Wed Aug 12, 2009 10:08 am
Wed Aug 12, 2009 10:08 am
- Wed Aug 12, 2009 10:08 am #74947
http://www.nma.co.uk/news/daily-mail-br ... 09.article
Mail Online, the UK’s most visited newspaper website, is to stop moderating user comments – a move which risks exposing its advertisers and users to inappropriate content.
The website, which attracts 29.4m unique users a month according to the latest ABCE figures, aims to enhance its users’ experience of the site. However, it could open itself up to legal and commercial problems by letting users add comments without moderation.
Allowing user comments online was popularised by newspaper websites and is now used by brands, retailers and even the Government to provide interaction and feedback. The use of pre- and post-moderation of comments is an important safety net to protect brands and site owners from damage.
Mail Online’s move risks creating ad misplacement issues similar to recent incidents when Tesco and Vodafone appeared next to offensive content across Facebook (nma 13 May). The brands appeared beside groups supporting Holocaust denial and controversial far-right party the BNP.
Mail Online, owned by Associated Newspapers, will continue to use an automatic filter that prohibits inappropriate language. But instead of pre- or post-moderation of online comments, as most newspapers use, it will only review comments if they’re reported by users.
James Bromley, MD of Mail Online, said, “We have hundreds of thousands of comments every month. Because of the volume, not all were going up. We want to give people their chance to respond and for it to appear immediately. This improves the user experience.”
Industry specialists have expressed concern about the Mail Online’s move, however.
Rob Marcus, director of moderation provider Chat Moderators, said he was surprised Mail Online felt that relying on users to flag up misuse would be sufficient.
“A swear filter won’t pick up defamation or if the Daily Mail’s brand gets dragged through the mud,” he said. “Also, it could actually harm the user experience because people might abuse each other.”
Mark Trustum, director of ecommerce at Specsavers, which advertises across the Mail’s site, said the brand wouldn’t choose to advertise on a website that contains content that could be controversial.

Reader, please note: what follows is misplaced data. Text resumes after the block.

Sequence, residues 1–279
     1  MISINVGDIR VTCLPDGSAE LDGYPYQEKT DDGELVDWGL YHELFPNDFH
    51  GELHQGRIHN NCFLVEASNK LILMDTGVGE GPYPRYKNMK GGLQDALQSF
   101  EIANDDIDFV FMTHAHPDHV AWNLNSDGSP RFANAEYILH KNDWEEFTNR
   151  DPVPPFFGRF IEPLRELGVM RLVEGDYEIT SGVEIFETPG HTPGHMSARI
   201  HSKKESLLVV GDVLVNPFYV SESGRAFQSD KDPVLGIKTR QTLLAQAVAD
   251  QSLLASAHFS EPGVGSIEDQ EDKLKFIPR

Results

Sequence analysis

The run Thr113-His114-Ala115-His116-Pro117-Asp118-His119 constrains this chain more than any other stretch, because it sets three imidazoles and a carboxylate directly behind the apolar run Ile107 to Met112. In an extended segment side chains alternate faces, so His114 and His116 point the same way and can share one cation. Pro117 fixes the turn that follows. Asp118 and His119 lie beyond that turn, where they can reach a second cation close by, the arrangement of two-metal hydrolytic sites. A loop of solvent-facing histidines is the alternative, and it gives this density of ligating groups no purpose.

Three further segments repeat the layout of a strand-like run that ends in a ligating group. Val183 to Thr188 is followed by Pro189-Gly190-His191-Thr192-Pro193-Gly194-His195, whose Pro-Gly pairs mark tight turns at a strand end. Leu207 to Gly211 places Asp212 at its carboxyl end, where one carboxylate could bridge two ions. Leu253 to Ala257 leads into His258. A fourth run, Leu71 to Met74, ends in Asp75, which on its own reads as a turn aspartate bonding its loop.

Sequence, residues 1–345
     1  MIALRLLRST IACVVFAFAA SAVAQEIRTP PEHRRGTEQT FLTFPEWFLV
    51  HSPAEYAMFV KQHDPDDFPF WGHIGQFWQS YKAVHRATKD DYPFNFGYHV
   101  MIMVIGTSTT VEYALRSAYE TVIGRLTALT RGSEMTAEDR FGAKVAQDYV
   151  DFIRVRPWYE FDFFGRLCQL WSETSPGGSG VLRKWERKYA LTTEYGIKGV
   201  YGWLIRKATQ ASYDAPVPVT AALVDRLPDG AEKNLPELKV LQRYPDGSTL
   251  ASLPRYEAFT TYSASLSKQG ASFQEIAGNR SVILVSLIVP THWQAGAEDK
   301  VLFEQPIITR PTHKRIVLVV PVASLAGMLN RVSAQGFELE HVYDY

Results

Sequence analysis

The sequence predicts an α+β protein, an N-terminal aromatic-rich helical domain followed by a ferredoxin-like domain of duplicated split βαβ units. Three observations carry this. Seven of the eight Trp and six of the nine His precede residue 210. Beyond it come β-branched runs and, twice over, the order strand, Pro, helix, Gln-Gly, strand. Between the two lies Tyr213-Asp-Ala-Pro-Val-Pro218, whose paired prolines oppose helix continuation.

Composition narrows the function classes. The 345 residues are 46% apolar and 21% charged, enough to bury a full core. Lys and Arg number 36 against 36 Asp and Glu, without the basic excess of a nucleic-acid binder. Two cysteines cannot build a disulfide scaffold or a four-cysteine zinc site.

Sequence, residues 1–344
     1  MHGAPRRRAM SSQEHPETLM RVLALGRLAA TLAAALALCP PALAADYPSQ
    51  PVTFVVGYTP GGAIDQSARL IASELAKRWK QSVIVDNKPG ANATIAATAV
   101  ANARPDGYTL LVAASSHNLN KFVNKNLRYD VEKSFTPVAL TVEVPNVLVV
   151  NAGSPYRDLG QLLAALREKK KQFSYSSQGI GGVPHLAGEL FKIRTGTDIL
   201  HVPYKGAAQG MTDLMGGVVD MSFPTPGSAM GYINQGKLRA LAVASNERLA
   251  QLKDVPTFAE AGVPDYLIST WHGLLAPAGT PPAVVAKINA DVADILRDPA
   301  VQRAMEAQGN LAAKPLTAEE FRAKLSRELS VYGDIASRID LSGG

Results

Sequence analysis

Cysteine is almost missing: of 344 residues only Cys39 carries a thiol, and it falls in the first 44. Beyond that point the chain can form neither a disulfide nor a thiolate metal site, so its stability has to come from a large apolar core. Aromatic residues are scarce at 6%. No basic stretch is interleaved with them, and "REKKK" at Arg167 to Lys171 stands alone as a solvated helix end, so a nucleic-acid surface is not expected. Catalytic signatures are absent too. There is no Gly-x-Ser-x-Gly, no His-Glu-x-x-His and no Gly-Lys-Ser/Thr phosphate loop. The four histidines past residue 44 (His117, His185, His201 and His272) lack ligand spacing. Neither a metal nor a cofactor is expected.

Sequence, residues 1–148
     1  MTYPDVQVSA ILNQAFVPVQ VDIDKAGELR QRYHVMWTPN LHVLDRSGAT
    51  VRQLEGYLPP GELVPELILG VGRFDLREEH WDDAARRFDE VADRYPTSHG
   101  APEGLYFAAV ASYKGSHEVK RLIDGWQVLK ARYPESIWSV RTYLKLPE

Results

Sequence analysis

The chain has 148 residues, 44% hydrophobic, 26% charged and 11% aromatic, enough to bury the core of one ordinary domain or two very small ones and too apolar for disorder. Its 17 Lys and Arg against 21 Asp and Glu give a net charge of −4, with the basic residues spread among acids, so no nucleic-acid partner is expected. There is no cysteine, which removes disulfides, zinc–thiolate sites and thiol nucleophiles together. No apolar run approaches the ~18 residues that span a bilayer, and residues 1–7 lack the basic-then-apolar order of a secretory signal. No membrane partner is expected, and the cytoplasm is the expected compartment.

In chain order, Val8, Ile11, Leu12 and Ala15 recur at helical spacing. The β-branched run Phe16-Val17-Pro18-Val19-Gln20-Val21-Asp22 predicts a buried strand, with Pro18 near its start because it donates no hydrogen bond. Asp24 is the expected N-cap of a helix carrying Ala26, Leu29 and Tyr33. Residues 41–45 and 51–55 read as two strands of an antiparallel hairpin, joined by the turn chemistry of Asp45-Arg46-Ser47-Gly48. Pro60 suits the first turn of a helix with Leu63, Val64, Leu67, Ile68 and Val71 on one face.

“Unmoderated user content falls into this category and is a grey area for advertisers,” he said. “It’s vitally important for us to protect our brand reputation and, therefore, as soon as we were made aware of any such content being present alongside our advertising we would immediately ask for our ad to be withdrawn.”
Jenni Convey, head of online marketing at O2, said, “There’s always the risk with user content that our brand advertising may appear next to a comment we may not agree with or like. In the Mail Online example, we would want to understand the controls the media owner is giving to users of the forum so inappropriate content can be reported. If we’re satisfied with the processes then it’s likely we would consider advertising.”
Ben Wood, MD of digital agency Diffiniti, said it wouldn’t place ads beside unmoderated comments. “Advertisers need to be sure they’re in a suitable environment.”
Jack Wallington, senior programmes manager at the Internet Advertising Bureau (IAB), said it was important for media owners to tell agencies if there are unmoderated comments on their sites.
Mail Online is following Express Newspapers’ lead, which stopped moderating on its Daily Express and Daily Star sites over two years ago and relies on users to flag problems.
Farzad Jamal, group internet controller at Express Newspapers, said, “We have post moderation in the form of our users. They’re very good at reporting abuse.”
Express Newspapers also disables comments on legally sensitive stories.
Pete Picton, The Sun’s online editor, said the publisher pre-moderates all comments on stories. “It’s important for legal reasons and for brand protection,” he said.
Jonathan Dickson, associate director at law firm Berwin Leighton Paisner, said publishers need to be aware of the risks. “If it feels it can’t manage the volume of comments, I can see some benefit in just ignoring them and using the ‘we didn’t know it was defamatory’ defence,” he said.
Bromley said Mail Online would not allow legally sensitive stories to be commented on. “We recognise there’s an element of risk but readers will be self-moderating,” he said.